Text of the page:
Article Category: Speaker Habits

10 Presentation Habits
My College Students – And You –
Must UN-Learn (Part 2)


Yesterday, Alex Rister introduced five habits that college students need to purge.

In this article, she continues with five more negative habits.

6. Faking or acting when delivering.

Delivery should be authentic and natural.  Often, students have incorrectly learned that audiences respond to funny and loud presenters, and they rely on foolish antics or acting like someone they are not.  I frequently see students trying too hard to be outgoing like the class clown.

Don’t invent a new persona when presenting, and don’t rely on gimmicks to win over your audience.

Last week, my students delivered persuasive presentations.  The last student to present was the shy, quiet kid in class who rarely speaks to anyone except when spoken to.  Automatically, this student had the audience’s attention because they quieted to hear him talk for the first time.  This quiet student didn’t stand on his head or juggle fire.  He didn’t tell jokes or try to make the audience laugh.  Instead, he was true to himself.  His delivery was effective because it was him!  Through his delivery, he showed his authentic self: quiet and reserved, yet knowledgeable and super duper smart.  He had the best delivery of anyone in the class.

How to Un-Learn this Habit…

Remember that audiences respond to real presenters, people who act in front of the room the same way they do in real life.  Don’t invent a new persona when presenting, and don’t rely on gimmicks to win over your audience.  In order to avoid faking or acting when delivering your next presentation, focus on developing your authentic speaking persona.  What are you like in real life?  Write down the 5 to 10 words your family and friends would use to describe your personality.  You want to embody those characteristics in front of an audience.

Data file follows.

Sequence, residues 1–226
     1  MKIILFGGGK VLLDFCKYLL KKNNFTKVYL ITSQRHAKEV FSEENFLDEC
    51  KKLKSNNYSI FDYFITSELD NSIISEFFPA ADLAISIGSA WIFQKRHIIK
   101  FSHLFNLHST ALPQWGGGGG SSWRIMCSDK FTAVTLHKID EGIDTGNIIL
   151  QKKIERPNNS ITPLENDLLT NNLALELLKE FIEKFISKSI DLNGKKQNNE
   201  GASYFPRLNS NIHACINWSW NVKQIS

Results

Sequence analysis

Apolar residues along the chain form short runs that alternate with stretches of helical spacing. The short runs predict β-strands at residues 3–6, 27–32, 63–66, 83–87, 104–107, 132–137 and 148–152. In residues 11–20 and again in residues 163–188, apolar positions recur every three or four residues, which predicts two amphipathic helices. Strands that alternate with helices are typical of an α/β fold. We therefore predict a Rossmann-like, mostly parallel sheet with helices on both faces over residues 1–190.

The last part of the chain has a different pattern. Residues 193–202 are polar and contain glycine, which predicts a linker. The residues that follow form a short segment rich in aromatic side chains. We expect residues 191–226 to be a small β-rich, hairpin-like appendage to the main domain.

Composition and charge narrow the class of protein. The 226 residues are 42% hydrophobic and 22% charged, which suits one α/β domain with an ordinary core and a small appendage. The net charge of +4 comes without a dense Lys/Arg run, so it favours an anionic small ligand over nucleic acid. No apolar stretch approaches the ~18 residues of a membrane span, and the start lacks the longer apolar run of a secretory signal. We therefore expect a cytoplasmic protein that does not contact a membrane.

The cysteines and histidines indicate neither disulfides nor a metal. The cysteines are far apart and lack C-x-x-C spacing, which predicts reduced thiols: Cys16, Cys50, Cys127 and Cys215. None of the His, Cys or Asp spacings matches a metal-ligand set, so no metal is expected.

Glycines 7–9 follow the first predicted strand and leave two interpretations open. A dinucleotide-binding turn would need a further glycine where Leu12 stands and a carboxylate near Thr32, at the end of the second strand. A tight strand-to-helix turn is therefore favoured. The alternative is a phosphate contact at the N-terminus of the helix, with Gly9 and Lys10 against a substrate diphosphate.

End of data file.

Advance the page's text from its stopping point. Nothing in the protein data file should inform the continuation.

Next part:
7. Creating bullet-ridden, ineffective slides.

Overused templates full of bullet points and too much text are not “visual,” so they do not work as visual presentations.  My students learn from their teachers that they should select a template in Keynote and put their entire script on a slide.  This results in the student turning around and reading his or her slides.  This breaks all three legs of Endicott’s presentation stool.

A student in a previous class argued, “I like slides with bullet points!  I’m not a visual person.  Why should I change my PowerPoints?”  This very student raised his hand a few lectures later to ask me what kind of font I was using because he liked it so much.  Clearly, he was a visual learner and didn’t even realize it.

How to Un-Learn this Habit…

Don’t resist the gospel of Garr Reynolds and Nancy Duarte!

  • If you have a lot of material to convey, pass out a document at the end of your speech filled with text, data, and important information.  You must remember  that Keynote and PowerPoint were designed to be visual aids – not a container for your 17-page report.
  • Reynolds and Duarte teach us the proper principles of presentation design, so study these masters and improve your visual design skills.  Start with Reynolds’ Presentation Zen and Duarte’s slide:ology.
  • Reynolds and Duarte teach the picture superiority effect, which says that audiences remember high quality images and photographs more than text.
  • Reynolds explains that a slide is “glance media.”  Like a billboard, a slide should convey a message that can be digested in 3 seconds.  Try the glance media test to ensure your slides will connect with your audience.
  • Duarte also asks us to try another test: the Twitter test… If audiences aren’t engaged, they are complaining about yet another boring presentation on Twitter or Facebook.